Social capital describes the benefits that are derived from personal social relationships (within families and communities) and social affiliations.
This investigation examined the extent to which social capital is associated with positive developmental and behavioral outcomes in high-risk preschool children.
A cross-sectional case-control analysis of young children « doing well » and « not doing well » at baseline in four coordinated longitudinal studies.
A total of 667 2-to 5-year-old children (mean age, 4.4 years) and their maternal caregivers who are participating in the Longitudinal Studies of Child Abuse and Neglect Consortium.
At recruitment, all children were characterized by unfavorable social or economic circumstances that contributed to the identification of the children as high risk.
Social capital was defined as benefits that accrue from social relationships within communities and families.
A social capital index was created by assigning one point to each of the following indicators : 1) two parents or parent-figures in the home ; 2) social support of the maternal caregiver ; 3) no more than two children in the family ; 4) neighborhood support ; and 5) regular church attendance.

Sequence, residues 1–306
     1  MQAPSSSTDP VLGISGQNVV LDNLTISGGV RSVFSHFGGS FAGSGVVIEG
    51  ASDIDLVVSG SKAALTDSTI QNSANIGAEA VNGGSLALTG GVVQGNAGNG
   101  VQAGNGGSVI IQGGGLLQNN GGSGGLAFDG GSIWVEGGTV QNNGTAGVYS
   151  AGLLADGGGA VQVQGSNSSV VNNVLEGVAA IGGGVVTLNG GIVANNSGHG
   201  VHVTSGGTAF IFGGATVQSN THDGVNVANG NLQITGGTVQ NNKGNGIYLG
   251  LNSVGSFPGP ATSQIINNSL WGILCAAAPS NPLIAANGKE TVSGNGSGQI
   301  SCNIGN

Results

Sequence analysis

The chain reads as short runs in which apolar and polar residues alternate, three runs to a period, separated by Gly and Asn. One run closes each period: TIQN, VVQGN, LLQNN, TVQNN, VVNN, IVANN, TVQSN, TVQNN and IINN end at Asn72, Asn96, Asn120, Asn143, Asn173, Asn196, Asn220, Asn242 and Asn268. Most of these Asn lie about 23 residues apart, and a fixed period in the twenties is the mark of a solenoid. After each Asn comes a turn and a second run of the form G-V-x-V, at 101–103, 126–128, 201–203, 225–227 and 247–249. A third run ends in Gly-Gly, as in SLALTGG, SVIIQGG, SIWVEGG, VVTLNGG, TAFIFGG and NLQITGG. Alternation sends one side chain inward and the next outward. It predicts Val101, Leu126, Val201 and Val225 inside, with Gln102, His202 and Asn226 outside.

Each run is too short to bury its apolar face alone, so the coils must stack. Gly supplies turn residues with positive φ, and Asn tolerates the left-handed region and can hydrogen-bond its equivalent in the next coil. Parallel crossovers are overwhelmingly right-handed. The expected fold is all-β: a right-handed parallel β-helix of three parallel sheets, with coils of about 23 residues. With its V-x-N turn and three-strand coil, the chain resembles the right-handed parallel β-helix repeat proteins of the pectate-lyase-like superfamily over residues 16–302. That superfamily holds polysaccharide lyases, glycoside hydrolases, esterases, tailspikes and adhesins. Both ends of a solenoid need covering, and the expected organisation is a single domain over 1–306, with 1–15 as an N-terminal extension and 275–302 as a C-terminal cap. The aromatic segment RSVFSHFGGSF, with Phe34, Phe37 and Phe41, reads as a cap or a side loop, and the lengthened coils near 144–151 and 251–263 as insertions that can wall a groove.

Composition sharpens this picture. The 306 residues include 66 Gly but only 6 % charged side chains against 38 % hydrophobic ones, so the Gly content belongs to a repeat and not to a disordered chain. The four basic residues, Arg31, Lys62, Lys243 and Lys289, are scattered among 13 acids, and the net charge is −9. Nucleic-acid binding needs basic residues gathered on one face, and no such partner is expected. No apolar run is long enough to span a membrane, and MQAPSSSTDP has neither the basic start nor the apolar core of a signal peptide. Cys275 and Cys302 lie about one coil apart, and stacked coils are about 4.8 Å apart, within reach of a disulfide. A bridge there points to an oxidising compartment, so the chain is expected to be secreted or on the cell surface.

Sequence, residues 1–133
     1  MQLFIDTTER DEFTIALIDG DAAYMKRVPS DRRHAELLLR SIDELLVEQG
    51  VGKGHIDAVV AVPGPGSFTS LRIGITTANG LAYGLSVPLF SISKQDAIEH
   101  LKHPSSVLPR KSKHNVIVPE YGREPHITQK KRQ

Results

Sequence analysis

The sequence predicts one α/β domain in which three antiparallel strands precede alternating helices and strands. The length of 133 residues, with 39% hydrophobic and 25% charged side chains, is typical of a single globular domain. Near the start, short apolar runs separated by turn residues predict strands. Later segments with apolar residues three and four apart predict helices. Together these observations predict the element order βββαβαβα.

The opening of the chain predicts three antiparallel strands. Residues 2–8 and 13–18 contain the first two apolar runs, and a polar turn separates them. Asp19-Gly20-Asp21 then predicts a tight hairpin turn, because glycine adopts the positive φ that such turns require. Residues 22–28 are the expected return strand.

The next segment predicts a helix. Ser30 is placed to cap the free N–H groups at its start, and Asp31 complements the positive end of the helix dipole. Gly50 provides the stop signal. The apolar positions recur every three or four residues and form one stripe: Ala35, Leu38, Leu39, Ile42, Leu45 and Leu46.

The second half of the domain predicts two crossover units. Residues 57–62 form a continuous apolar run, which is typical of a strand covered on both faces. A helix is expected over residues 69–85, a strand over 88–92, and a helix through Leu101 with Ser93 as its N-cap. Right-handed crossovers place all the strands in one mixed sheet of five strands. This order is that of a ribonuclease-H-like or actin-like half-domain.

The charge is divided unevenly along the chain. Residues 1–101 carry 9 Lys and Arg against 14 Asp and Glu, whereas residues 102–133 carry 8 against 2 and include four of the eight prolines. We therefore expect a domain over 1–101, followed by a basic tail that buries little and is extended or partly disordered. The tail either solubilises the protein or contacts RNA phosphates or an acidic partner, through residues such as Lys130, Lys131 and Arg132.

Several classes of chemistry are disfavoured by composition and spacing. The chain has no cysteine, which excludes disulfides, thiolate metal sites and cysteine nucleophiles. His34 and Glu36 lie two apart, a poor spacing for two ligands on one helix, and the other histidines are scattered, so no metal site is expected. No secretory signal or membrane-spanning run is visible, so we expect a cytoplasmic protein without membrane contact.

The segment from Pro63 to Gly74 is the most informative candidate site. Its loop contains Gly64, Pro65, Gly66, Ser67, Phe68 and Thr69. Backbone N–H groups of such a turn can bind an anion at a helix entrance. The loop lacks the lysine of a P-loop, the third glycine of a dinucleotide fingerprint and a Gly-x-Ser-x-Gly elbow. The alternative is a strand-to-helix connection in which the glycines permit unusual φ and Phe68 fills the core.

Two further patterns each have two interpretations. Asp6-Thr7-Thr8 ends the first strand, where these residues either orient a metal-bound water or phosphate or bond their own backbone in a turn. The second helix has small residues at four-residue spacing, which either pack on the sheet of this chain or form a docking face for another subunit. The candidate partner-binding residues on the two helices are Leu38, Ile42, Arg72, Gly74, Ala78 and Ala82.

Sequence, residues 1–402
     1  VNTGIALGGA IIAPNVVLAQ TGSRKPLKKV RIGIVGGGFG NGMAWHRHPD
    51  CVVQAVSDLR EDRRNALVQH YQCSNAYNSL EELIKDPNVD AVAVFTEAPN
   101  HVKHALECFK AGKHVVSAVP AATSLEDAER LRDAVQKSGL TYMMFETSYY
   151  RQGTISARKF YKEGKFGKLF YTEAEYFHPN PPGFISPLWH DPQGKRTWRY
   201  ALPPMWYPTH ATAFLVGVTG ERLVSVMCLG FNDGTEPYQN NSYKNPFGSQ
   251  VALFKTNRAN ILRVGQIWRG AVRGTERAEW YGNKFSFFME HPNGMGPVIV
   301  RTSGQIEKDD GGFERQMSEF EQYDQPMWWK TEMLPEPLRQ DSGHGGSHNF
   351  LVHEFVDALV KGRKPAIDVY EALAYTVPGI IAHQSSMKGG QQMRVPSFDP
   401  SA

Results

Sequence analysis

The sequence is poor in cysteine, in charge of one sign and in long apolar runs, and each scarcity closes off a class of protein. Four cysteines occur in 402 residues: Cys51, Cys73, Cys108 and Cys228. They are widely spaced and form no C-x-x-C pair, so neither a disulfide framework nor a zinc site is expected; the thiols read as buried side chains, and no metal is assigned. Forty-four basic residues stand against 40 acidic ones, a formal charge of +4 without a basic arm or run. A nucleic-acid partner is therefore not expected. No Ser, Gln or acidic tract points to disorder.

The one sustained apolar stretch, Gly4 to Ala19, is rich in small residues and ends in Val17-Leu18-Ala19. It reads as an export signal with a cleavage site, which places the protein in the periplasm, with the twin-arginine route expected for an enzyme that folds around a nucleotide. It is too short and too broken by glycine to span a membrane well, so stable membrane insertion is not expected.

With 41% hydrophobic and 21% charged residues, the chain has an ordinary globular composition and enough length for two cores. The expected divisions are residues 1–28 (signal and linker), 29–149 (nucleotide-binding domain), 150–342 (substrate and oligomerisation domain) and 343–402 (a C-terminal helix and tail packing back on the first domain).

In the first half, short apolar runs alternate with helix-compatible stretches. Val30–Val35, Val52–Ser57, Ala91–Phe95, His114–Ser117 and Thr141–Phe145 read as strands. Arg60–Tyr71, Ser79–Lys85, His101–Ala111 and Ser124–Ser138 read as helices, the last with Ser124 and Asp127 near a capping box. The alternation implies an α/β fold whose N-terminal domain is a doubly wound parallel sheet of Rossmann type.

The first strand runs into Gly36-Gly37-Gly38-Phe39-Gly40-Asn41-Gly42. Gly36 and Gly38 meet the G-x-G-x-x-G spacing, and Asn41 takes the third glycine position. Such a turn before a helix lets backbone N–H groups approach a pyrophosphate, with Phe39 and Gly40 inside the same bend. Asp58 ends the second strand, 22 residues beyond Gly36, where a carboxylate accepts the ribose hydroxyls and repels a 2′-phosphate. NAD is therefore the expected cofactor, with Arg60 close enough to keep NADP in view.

Outcomes were measured with the Child Behavior Checklist, a widely used measure of behavioral/emotional problems, and with the Battelle Developmental Inventory Screening Test, a standardized test that identifies developmental deficits. (...)
Mots-clés Pascal : Environnement social, Développement social, Comportement social, Bien être, Epidémiologie, Etude transversale, Etude longitudinale, Enfant, Homme, Age préscolaire
Mots-clés Pascal anglais : Social environment, Social development, Social behavior, Well being, Epidemiology, Cross sectional study, Follow up study, Child, Human, Preschool age
Notice produite par :
Inist-CNRS - Institut de l'Information Scientifique et Technique
Cote : 98-0090836
Code Inist : 002B30A01A2. Création : 14/05/1998.